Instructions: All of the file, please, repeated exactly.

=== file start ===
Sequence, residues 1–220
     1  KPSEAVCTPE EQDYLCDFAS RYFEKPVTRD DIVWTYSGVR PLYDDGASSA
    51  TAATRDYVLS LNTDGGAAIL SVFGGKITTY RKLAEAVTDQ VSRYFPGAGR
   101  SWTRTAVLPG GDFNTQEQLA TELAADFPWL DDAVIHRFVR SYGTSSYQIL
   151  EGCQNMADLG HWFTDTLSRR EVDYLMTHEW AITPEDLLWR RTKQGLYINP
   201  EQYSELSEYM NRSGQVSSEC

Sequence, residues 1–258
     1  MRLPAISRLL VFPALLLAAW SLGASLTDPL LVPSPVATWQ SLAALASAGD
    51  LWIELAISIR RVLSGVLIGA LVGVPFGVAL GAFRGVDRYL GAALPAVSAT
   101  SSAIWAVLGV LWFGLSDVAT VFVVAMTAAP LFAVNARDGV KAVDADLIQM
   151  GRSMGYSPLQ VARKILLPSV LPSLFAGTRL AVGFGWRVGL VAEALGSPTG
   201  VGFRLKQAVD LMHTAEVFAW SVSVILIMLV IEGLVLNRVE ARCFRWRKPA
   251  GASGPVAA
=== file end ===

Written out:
Sequence, residues 1–220
     1  KPSEAVCTPE EQDYLCDFAS RYFEKPVTRD DIVWTYSGVR PLYDDGASSA
    51  TAATRDYVLS LNTDGGAAIL SVFGGKITTY RKLAEAVTDQ VSRYFPGAGR
   101  SWTRTAVLPG GDFNTQEQLA TELAADFPWL DDAVIHRFVR SYGTSSYQIL
   151  EGCQNMADLG HWFTDTLSRR EVDYLMTHEW AITPEDLLWR RTKQGLYINP
   201  EQYSELSEYM NRSGQVSSEC

Sequence, residues 1–258
     1  MRLPAISRLL VFPALLLAAW SLGASLTDPL LVPSPVATWQ SLAALASAGD
    51  LWIELAISIR RVLSGVLIGA LVGVPFGVAL GAFRGVDRYL GAALPAVSAT
   101  SSAIWAVLGV LWFGLSDVAT VFVVAMTAAP LFAVNARDGV KAVDADLIQM
   151  GRSMGYSPLQ VARKILLPSV LPSLFAGTRL AVGFGWRVGL VAEALGSPTG
   201  VGFRLKQAVD LMHTAEVFAW SVSVILIMLV IEGLVLNRVE ARCFRWRKPA
   251  GASGPVAA